January 31st, 2017
It was back in 2009 that Bengaluru resident Vani Murthy visited a landfill in Mavallipuram to check a small waste management project. The visit had a profound impact on her, and she felt the desperate urge to change the existing waste management system.
A resident of Malleswaram, Bangalore, Vani decided to associate herself with the group in the city that was trying to mobilise Solid Waste Management and bring new methods of waste management in different parts of the city.
The group called Solid Waste Management Round Table (SWMRT) was determined to bring about a change in the existing system and thus began to create awareness across the city to decentralise waste and teach how compost can be created by segregating waste. As most changes start at home, the group began by explaining these concepts to homemakers and showing how small steps can lead to a big change.
The team started to meet every weekend and went from door to door to teach three-way segregation of dry, wet and reject waste.
“We wanted to make people aware that the waste that they generate is their responsibility and not that of the municipality. When we just dump the waste without segregating, it’s a burden on the municipality, as they handle nearly two tonnes of waste every day. They don’t separate the waste, and it is a concern for the environment,” Vani said to The Logical Indian.
Vani herself is also an ardent practitioner of Waste Management. The garden on her rooftop is the result of composting, an initiative she called Swachagraha, launched by SWMRT. It focuses on “compost, grow and cook”. Her garden is full of herbs, fruits and fresh vegetables where everything grows organically without the use of any pesticides.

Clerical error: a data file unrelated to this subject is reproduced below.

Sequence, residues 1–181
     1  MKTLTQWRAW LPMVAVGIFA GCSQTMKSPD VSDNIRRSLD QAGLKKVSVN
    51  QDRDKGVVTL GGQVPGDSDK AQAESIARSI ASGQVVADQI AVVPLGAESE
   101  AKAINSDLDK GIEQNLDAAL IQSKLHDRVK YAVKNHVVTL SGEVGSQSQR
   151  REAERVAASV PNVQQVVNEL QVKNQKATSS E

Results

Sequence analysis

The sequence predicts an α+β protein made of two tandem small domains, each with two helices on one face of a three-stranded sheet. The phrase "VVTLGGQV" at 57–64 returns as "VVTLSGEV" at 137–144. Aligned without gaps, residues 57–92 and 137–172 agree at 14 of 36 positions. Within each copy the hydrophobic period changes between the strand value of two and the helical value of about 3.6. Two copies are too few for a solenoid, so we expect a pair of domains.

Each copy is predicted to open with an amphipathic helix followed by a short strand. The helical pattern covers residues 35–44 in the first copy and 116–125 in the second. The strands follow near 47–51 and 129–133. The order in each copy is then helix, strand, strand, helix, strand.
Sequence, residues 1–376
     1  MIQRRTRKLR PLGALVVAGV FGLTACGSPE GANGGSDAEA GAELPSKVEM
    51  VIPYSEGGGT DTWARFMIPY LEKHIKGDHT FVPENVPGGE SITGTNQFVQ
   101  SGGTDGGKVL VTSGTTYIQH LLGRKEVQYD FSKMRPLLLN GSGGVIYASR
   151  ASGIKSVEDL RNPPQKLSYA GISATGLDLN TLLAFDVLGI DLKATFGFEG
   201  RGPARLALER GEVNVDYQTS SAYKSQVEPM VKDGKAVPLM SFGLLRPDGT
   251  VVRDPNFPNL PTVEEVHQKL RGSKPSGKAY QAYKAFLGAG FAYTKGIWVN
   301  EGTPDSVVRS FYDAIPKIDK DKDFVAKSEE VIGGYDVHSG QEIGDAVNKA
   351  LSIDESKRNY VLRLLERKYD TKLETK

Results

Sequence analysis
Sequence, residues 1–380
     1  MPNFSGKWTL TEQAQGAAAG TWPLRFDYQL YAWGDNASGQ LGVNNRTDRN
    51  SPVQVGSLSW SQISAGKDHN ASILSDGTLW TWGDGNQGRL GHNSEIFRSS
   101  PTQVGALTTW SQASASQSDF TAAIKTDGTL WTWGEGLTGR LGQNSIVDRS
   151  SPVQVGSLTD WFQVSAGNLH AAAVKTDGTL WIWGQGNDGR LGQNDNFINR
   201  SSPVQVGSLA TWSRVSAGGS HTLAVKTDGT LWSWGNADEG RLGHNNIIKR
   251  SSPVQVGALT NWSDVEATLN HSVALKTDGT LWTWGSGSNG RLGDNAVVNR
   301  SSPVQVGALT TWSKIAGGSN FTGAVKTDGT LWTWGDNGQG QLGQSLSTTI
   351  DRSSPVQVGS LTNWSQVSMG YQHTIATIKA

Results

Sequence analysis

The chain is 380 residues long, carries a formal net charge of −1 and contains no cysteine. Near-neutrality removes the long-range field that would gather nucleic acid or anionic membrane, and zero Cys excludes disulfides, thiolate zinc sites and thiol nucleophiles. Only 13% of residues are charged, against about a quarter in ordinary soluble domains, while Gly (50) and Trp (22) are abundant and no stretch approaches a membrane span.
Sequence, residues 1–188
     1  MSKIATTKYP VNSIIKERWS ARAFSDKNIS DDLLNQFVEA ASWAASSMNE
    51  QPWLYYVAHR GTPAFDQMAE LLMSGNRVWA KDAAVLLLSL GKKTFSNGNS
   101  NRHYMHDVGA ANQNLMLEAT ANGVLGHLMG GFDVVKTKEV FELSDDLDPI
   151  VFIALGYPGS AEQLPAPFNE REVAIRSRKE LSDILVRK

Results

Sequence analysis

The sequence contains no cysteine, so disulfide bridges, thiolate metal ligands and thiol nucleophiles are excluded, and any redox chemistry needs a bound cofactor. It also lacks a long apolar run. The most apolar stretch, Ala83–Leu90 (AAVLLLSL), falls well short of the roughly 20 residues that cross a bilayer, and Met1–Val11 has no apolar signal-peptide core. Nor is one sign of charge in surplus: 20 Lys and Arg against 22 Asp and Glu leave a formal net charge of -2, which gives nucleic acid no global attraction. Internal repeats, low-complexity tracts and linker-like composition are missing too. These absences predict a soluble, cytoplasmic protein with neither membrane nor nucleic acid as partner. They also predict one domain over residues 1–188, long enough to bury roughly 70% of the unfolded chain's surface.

“It is by composting that we can grow organic food too. We have to make people aware so that they can grow their crops themselves,” she said.
Vani’s composting method has gained much popularity today. She regularly contributes her articles to newspapers, appears to radio and TV shows, to help spread the word further and introduce the idea of composting to more people.
Composting can be done at home — on terraces, gardens or backyards. She says it is not rocket science and is quite easy to practice if we are dedicated to the process.
Talking about the challenges, Vani says, “The biggest challenge we face today is creating awareness. It will take a long time if we have to go from door to door to reach everyone. We should have a strict law and implementation of that law for waste segregation. We should levy fines on people who are not separating their waste. It is damaging the environment, and we should take this issue seriously because it is our constitutional obligation to take care of it.”
We should all join hands in ensuring we do not overburden our landfills and in turn, the environment. With small steps like composting, we can reduce our contribution to the landfills.
The Logical Indian appreciates Vani and her team for starting this movement. We urge more people to work towards waste reduction across the country.
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